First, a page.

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Photographers with pony tanks, question?


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#1 onewolf

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Posted 22 July 2011 - 09:50 AM

I've been experimenting recently with a 19cu ft pony tank (I recently got my SDI 'Solo Diver' certification) and I am looking for recommendations for a good mounting configuration for a diver using a housed SLR/dual strobe camera system.

My first attempt was to mount the pony on the left side of the primary tank (can't mount it to the right side of primary because of cam band buckle location) and route the 2nd stage reg around my right side. The Good: No interference with camera/photography. The Bad: Very very difficult to get to the pony tank valve, can't see the pony tank 'button' SPG, didn't really like the overall stability/trim. The inability to see the SPG is easy enough to solve with a SPG on a hose.

Attempt #2 was to sling the tank on my left side (DiveRite sling kit) from the BCD aft hip D ring and shoulder D ring. The Good: Can easily access tank valve, easy to see tank SPG, easy to 'hand off' pony tank if desired, trim/stability was excellent. The Bad: I absolutely KLONKED my camera housing and Nauticam viewfinder several times on the slung tank 1st stage, the slung tank prevented me from getting 'even lower' on some photos because it hangs ~6"-8" below me.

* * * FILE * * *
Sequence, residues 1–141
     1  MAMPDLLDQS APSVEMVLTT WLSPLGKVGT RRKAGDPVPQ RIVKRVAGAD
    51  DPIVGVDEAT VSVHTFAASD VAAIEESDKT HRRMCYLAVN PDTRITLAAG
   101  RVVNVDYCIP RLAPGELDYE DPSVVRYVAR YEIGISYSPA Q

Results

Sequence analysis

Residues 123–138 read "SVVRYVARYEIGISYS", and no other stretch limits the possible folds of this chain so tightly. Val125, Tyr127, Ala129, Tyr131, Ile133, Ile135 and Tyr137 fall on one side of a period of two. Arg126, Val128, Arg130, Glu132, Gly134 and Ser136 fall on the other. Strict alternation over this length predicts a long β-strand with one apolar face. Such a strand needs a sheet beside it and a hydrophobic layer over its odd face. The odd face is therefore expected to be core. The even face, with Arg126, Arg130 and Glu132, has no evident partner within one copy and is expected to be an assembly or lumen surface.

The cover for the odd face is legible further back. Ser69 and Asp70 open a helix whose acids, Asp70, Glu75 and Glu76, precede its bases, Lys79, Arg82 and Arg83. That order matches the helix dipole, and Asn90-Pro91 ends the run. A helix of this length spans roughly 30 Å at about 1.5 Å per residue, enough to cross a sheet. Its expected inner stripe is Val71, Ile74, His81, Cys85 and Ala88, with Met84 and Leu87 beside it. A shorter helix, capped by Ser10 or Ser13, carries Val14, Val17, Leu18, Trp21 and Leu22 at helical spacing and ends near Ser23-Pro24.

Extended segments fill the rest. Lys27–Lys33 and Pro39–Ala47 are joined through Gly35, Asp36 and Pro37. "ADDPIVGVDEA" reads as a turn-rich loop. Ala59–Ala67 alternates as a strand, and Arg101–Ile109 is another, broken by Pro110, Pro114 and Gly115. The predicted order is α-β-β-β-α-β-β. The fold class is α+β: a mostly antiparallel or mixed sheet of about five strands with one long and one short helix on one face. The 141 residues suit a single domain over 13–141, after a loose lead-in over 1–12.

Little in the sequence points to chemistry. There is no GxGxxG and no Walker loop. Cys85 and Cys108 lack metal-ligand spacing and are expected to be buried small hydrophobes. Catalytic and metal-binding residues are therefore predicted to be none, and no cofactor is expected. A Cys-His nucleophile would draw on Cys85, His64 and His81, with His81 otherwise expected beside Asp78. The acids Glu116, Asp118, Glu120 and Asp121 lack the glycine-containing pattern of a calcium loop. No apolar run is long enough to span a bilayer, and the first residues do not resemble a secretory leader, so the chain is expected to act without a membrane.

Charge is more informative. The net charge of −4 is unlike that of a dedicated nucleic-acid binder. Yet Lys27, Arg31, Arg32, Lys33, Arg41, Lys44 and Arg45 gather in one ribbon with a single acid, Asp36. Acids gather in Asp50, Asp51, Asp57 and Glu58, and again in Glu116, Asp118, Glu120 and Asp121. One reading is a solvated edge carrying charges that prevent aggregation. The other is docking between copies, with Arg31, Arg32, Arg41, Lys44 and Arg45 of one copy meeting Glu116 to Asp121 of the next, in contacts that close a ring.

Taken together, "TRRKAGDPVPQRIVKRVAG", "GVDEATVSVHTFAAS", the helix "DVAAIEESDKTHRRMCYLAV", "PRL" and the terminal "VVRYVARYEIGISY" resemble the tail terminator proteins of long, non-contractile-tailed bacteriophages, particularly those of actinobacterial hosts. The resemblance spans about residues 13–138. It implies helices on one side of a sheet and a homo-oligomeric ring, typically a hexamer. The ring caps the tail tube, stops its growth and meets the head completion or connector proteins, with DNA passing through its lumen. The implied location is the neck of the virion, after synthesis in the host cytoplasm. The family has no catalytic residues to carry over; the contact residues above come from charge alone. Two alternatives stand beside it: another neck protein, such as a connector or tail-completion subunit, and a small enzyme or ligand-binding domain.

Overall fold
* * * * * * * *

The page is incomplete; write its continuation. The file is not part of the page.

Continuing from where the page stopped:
I'm curious how other UW photographers who use pony tanks have mounted them?

Any advice?

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#2 jcclink

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Posted 22 July 2011 - 10:00 AM

How about left side but upside down (valve on bottom). Should be easier to reach. SPG hose on left, 2nd on right.
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#3 eyu

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Posted 22 July 2011 - 11:11 AM

Why don't you take your tank strap off and reroute it so the buckle is on the left?
Put the pony on the right with the valve up, have both your primary and pony turned on as you enter the water.

Edited by eyu, 23 July 2011 - 03:38 AM.

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#4 Balrog

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Posted 22 July 2011 - 09:33 PM

Getting balance and access right is a very personal thing.
Tank inversion gives good valve access but needs longer hoses.